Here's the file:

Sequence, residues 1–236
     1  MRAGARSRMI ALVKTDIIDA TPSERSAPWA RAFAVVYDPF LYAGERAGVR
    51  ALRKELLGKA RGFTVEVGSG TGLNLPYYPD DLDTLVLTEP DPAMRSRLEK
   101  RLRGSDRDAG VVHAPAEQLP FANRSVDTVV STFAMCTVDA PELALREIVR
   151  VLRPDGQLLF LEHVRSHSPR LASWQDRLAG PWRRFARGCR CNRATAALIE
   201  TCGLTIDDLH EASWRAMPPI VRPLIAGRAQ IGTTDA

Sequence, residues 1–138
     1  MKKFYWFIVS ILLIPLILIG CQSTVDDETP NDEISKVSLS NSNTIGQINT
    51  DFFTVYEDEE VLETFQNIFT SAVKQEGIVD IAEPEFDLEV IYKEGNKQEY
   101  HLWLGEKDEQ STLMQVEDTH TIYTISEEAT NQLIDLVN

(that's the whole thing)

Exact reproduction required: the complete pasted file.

Sequence, residues 1–236
     1  MRAGARSRMI ALVKTDIIDA TPSERSAPWA RAFAVVYDPF LYAGERAGVR
    51  ALRKELLGKA RGFTVEVGSG TGLNLPYYPD DLDTLVLTEP DPAMRSRLEK
   101  RLRGSDRDAG VVHAPAEQLP FANRSVDTVV STFAMCTVDA PELALREIVR
   151  VLRPDGQLLF LEHVRSHSPR LASWQDRLAG PWRRFARGCR CNRATAALIE
   201  TCGLTIDDLH EASWRAMPPI VRPLIAGRAQ IGTTDA

Sequence, residues 1–138
     1  MKKFYWFIVS ILLIPLILIG CQSTVDDETP NDEISKVSLS NSNTIGQINT
    51  DFFTVYEDEE VLETFQNIFT SAVKQEGIVD IAEPEFDLEV IYKEGNKQEY
   101  HLWLGEKDEQ STLMQVEDTH TIYTISEEAT NQLIDLVN